Through my paintings I am conveying my own experience, memory, and emotions of being in nature.  These memories go back to my childhood of family holidays in the hills of northern Italy. It was my favourite place to be, surrounded by farm animals, endless green fields, and ancient oak and chestnut trees. I remember the rich scent of the forest earth in autumn, when my family and I spent many hours looking for porcini mushrooms and chestnuts. When I moved to Australia at age 19, spending time in the Adelaide hills was the best way for me to reconnect to nature and experience a sense of belonging.

We all have different relationships to the natural environment. We are part of nature, but sometimes in modern life we can find ourselves disconnected.

The concept of ‘Spirit of Place’ is intriguing. How does this idea manifest in your art, and why is it important for you to convey the essence of a specific location in your paintings?

Spirit of Place is an intriguing subject, as it is intangible, ephemeral and personal. It’s often connected to personal perception of the ‘energy’ of a place, sensing the unseen – some people feel it and some people don’t. I connect to a spirit of place when, without logical reason, a place feels familiar, comfortable, welcoming, invigorating, or relaxing. Something that makes me want to stay. 

A good example for me is often connected with large trees or rock formations. I often enjoy lying down under a large tree. My favourite is the oak tree. It makes me feel peaceful, as if it is watching over me, and after a while I feel energised. 

The Spirit of a place for me is very important. You know when you just go somewhere and you feel that it is somewhere special. I respond to the energy of that place and it just makes me feel at ease. To me a Spirit of Place is somewhere that I feel the energy is welcoming. It doesn’t need to be somewhere that is particularly aesthetically appealing.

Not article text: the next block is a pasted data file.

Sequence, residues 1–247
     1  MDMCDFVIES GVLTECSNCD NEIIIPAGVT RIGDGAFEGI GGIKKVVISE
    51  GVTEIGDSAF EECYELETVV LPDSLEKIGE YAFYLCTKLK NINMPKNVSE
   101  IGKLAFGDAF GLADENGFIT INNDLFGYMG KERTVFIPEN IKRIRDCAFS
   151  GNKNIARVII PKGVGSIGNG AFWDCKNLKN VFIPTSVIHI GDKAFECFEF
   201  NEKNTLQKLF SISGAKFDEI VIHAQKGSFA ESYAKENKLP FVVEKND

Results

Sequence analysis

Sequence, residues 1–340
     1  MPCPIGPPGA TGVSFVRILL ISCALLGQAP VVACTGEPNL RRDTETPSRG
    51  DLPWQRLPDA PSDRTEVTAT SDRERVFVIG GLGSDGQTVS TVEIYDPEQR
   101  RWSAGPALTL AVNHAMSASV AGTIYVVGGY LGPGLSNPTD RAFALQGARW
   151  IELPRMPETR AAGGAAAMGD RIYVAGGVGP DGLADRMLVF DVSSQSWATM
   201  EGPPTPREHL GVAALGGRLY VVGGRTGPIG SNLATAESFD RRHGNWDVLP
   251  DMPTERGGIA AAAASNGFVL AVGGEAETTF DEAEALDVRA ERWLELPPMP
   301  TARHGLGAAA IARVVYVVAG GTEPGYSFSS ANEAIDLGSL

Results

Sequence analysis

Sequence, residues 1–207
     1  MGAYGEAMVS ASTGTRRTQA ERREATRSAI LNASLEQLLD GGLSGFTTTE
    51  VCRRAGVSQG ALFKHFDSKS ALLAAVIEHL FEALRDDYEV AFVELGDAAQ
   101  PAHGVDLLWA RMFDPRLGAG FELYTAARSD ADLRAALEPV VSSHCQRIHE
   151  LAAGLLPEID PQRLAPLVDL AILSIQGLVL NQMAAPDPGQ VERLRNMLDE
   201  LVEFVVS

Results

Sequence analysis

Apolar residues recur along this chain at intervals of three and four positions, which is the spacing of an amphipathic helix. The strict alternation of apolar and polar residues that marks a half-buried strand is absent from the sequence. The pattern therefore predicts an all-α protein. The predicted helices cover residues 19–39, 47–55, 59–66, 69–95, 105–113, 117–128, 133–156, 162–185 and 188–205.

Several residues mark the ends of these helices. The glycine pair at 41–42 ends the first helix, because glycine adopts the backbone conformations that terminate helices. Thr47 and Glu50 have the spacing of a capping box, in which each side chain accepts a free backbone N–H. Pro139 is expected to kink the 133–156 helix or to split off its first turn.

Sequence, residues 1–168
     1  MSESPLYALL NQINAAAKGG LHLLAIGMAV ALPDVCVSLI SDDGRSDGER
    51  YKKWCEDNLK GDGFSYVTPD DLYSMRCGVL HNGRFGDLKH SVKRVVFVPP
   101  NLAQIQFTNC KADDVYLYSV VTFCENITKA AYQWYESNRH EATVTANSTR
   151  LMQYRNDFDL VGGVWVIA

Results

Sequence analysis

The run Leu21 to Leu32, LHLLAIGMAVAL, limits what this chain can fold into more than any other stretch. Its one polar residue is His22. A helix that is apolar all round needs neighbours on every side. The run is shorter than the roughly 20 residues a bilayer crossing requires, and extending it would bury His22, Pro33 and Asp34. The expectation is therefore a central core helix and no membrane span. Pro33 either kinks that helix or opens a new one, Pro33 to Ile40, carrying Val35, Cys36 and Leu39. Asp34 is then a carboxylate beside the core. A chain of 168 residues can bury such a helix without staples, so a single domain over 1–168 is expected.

It manifests in my art spontaneously through choice of colours and different paint applications, reflecting my experience of that place. As I mentioned above, light is one important element in my paintings, and the way I depict it expresses the sense of peace and ease that I experienced in that particular place.

It is not a requirement for me to always convey the essence of a specific location in my paintings. Sometimes I’m painting about a specific location, but other times I’m just painting about a general feeling or memory as a spontaneous act.

Looking ahead, what themes or aspects of the intersection between nature and humanity do you hope to explore in your future artwork?

In my upcoming personal exhibition ‘Deep Connections’ at Hahndorf Academy in late March 2024, I will be exploring my interactions with the natural landscape. Since graduation, my abstract paintings have evolved considerably through the spontaneous progression of my creative process. Although the source of inspiration for my art practice remains the same, recently I’ve been producing some smaller paintings that I would describe as ‘more representational’. These paintings are inspired by the same practice of walking and being in nature, but while still reflecting my personal and emotional response to the landscape, their focus is also on depicting my fascination with recognising plants, specific colours in the location that I’m walking through, and expressing my attachment to places that I’ve grown fond of.